Nowadays, it is common for people to love and care for their pets like their own children. However, not all can take persistent, tedious care of the pets when the latter fall sick. Such inequality arises from the perceived difference between animals and human beings. Teng Swee Ueng and his wife used to have such perception but having turned vegetarians had made a shift in their perspective towards life.
Volunteer Teng Swee Ueng and his children decided to raise a dog for safety reasons after their house was broken in twice. However, it caused vexation to his wife, Ng Boon Ngoh, who is particular about cleanliness and fears dogs due to a bite during childhood.
Unable to fight her family’s insistence, Boon Ngoh could only settle with conditions that she will not bathe the dog or clean up its excrement, and will not allow the dog into their house. So in 2008, Swee Ueng bought a Dobermann and named it “Rocky”, hoping that it will be as strong as Rocky the boxer. He also sent Rocky to the training centre to be taught to better play its role in guarding the family.
That same year the family adopted Rocky, a massive earthquake hit Sichuan, China. Swee Ueng, who had just joined Tzu Chi, was shocked to see in the media scenes of devastation and injured people, with some trapped under rocks. Following Master Cheng Yen’s call to mitigate disasters through collective kindness, Swee Ueng pledged to observe a vegetarian diet for three months during the Buddha’s Day Ceremony in May.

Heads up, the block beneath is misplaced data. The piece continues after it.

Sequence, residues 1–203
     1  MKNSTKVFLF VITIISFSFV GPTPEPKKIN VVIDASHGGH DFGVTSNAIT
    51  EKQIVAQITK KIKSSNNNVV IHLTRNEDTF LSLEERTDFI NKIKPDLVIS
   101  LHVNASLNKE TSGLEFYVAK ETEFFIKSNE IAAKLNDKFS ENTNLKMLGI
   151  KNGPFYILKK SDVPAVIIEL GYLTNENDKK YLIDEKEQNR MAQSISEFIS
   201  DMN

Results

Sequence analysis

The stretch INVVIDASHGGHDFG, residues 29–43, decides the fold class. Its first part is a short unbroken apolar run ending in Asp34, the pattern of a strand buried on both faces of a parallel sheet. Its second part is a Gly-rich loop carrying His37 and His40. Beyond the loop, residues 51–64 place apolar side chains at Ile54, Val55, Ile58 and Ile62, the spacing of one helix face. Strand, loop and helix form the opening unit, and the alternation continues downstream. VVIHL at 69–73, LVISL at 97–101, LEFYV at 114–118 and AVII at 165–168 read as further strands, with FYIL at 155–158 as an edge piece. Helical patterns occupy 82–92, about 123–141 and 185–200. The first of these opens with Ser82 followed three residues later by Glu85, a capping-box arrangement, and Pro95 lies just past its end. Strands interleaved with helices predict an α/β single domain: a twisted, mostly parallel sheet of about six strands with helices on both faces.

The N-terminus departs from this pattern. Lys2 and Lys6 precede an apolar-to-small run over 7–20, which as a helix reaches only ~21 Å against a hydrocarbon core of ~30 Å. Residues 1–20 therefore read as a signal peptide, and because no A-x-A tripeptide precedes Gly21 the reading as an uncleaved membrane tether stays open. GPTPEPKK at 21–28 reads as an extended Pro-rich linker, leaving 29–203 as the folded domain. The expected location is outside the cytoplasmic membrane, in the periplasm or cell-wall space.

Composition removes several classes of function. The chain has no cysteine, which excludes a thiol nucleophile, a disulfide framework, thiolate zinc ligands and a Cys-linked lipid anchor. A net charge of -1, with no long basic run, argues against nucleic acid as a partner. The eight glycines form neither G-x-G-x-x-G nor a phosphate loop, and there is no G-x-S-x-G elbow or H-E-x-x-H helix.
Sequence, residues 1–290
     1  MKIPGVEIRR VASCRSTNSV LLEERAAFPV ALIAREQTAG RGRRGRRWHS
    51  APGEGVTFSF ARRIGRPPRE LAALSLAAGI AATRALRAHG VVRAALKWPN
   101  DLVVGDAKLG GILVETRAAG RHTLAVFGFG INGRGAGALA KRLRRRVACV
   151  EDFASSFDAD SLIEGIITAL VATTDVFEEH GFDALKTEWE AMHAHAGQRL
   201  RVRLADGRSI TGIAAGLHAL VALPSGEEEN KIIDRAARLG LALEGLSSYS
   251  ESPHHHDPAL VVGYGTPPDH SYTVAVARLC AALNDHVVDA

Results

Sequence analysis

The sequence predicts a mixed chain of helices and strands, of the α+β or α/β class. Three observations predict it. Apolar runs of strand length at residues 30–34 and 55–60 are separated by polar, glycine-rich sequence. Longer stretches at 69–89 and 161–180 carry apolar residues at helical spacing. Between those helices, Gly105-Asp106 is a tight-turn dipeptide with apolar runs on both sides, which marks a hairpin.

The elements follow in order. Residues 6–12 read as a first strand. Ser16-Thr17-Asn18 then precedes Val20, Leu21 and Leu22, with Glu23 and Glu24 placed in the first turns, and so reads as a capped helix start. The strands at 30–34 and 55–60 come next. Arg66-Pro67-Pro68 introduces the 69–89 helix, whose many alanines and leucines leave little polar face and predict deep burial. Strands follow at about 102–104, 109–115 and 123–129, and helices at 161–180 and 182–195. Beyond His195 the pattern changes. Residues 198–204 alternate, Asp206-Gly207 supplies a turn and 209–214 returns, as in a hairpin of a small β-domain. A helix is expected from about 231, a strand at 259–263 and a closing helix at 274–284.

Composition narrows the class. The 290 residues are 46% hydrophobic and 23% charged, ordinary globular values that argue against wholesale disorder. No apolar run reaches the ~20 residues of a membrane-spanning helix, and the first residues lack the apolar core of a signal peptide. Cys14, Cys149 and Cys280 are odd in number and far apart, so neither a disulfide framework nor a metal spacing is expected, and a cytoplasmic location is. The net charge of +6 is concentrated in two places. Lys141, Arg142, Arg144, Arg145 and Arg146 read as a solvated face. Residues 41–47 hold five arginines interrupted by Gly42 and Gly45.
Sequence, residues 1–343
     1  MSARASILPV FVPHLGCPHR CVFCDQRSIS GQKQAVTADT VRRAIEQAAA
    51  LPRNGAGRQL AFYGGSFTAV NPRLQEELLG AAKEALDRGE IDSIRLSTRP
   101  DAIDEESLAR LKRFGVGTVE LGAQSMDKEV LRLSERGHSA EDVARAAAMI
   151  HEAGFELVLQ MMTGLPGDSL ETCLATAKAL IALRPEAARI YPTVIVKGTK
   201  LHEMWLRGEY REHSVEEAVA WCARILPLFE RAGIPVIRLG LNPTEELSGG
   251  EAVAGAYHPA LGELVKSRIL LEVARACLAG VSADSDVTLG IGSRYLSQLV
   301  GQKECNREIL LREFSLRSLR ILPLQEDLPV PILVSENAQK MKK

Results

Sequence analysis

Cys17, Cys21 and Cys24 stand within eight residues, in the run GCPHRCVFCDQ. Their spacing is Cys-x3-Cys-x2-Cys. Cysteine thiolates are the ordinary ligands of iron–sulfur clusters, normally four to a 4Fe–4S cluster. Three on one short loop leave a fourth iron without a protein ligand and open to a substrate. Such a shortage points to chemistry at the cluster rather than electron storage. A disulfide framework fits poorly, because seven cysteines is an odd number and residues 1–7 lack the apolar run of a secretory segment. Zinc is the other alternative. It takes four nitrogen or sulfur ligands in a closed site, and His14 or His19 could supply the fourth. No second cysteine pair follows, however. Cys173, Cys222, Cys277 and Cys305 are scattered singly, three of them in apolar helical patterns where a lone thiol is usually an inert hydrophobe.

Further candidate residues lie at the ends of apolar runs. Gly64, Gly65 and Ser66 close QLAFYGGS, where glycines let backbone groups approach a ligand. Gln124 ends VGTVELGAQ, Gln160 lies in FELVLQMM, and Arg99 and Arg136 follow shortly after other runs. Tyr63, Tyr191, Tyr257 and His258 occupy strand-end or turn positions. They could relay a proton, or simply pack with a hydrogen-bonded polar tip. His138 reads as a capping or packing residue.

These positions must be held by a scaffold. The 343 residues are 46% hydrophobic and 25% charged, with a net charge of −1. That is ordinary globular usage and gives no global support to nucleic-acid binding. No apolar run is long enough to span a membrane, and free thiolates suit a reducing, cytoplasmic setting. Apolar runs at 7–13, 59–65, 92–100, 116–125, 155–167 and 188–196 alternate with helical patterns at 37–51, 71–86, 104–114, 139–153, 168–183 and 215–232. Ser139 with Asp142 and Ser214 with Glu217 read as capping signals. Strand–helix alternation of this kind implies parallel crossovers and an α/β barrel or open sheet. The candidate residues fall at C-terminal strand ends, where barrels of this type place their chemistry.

To his surprise, he managed to uphold vegetarianism to this day, despite his many previous failed attempts. He said, “I think Tzu Chi uniform gave me strength. When many people were doing the same thing, I became more vigilant; and the more I learnt about the significance of a vegetarian diet, the more determined I became. In fact, it’s not hard to convert to a vegetarian diet. It’s all about the mentality.”
Swee Ueng revealed that his lack of persistence in vegetarianism was due to his belief that organically-breed livestock and deep sea marine lives are safe for consumption. His wife on the other hand, felt that meat was important for the growth of their teenage children. But later, Swee Ueng learnt from the Internet that even the deep sea had been polluted by heavy metals, plastics and other disposals; and through Master Cheng Yen’s preaching, he gradually understood that vegetarianism was imperative in protecting Mother Earth.